Swink Electric, Inc., has just developed a solar panel capable of generating 200 percent more electricity than any solar panel currently on the market. As a result, Swink is expected to experience a 15 percent annual growth rate for the next five years. When the five-year period ends, other firms will have developed comparable technology, and Swink’s growth rate will slow to 5 percent per year indefinitely. Stockholders require a return of 12 percent on Swink’s stock.
The firm’s most recent annual dividend (D0), which was paid yesterday, was $1.75 per share.
a. Calculate Swink’s expected dividends for the next five years.
b. Calculate the value of the stock today. Proceed by finding the present value of the dividends expected at the end of the next five years plus the present value of the stock price that should apply at the end of Year 5. You can find the Year 5 stock price by using the constant growth equation (Equation). To find the Year 5 price, use the dividend expected in Year 6, which is 5 percent greater than the Year 5 dividend.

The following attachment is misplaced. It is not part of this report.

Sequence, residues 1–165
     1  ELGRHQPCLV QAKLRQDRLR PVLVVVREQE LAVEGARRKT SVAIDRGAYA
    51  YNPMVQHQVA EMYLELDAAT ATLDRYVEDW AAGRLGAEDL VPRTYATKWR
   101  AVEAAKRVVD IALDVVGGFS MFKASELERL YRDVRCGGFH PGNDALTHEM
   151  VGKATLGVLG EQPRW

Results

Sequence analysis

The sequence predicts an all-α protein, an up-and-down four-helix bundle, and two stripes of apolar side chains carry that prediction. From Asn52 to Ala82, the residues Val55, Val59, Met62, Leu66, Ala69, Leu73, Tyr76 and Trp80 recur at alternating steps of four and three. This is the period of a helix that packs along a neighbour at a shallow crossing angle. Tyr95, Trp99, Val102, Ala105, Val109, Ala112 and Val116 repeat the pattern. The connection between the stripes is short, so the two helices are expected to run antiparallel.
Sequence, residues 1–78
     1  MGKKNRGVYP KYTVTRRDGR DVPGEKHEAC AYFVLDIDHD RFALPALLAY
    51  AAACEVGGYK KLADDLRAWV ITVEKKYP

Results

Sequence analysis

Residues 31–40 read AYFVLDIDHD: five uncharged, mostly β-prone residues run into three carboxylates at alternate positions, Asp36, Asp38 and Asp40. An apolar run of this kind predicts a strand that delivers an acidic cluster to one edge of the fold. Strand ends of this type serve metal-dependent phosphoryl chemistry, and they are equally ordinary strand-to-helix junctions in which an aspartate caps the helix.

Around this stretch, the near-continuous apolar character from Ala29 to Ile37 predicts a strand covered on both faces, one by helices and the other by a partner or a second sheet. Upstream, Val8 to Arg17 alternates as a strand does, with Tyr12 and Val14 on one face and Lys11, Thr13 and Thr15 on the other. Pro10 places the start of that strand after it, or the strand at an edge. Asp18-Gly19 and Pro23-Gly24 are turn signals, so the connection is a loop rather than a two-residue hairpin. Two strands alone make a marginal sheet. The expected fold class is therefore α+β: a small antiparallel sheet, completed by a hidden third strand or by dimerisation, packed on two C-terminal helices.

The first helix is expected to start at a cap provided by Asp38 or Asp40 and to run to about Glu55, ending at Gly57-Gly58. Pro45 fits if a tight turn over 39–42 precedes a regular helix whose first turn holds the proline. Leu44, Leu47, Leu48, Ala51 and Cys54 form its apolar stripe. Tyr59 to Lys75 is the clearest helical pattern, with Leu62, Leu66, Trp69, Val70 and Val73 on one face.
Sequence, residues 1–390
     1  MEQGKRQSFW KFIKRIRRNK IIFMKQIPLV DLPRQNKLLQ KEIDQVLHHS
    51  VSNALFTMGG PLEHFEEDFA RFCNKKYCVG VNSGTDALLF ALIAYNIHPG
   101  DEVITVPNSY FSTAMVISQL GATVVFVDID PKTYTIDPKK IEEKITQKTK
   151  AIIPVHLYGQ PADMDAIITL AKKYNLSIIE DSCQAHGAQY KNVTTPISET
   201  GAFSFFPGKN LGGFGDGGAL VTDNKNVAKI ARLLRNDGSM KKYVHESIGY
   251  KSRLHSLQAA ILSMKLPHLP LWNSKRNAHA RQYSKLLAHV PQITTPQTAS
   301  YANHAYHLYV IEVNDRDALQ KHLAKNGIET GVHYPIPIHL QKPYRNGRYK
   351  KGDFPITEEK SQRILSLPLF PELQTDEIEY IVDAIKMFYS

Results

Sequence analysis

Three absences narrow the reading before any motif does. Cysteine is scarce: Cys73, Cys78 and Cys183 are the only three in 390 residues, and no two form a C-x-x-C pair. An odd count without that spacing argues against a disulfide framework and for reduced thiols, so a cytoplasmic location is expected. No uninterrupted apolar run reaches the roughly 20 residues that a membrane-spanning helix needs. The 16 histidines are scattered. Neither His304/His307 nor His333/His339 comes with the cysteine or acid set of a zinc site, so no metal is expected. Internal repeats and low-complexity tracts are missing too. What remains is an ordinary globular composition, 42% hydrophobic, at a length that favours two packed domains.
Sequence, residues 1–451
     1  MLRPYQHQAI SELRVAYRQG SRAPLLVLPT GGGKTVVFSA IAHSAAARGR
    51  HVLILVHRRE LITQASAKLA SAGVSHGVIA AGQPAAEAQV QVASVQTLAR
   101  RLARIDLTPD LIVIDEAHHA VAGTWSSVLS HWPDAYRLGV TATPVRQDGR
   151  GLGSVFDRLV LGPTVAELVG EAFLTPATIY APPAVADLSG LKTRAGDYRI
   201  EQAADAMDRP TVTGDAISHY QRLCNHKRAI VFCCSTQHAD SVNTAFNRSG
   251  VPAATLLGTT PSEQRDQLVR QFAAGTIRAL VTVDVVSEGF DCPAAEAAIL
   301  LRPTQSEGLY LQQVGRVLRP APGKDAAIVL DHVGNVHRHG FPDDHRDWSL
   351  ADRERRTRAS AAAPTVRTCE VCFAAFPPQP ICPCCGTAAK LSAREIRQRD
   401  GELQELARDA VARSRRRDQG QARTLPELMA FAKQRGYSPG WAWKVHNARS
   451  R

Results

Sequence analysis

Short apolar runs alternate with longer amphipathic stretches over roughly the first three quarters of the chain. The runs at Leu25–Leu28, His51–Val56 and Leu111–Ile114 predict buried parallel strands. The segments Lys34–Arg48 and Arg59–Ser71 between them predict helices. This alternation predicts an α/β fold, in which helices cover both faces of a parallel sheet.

c. Calculate the dividend yield, D1 P0, the expected capital gains yield, and the expected total return (dividend yield plus capital gains yield) for this year. (Assume that P0 = P0, and recognize that the capital gains yield is equal to the total return minus the dividend yield.) Calculate these same three yields for Year 5.
d. Suppose your boss believes that Swink’s annual growth rate will be only 12 percent during the next five years and that the firm’s normal growth rate will be only 4 percent. Without doing any calculations, explain the general effect that these growth-rate changes would have on the price of Swink’s stock
e. Suppose your boss also regards Swink as being quite risky and believes that the required rate of return for this firm should be 14 percent, not 12 percent. Without doing any calculations, explain how the higher required rate of return would affect the price of the stock, its capital gains yield, and its dividend yield.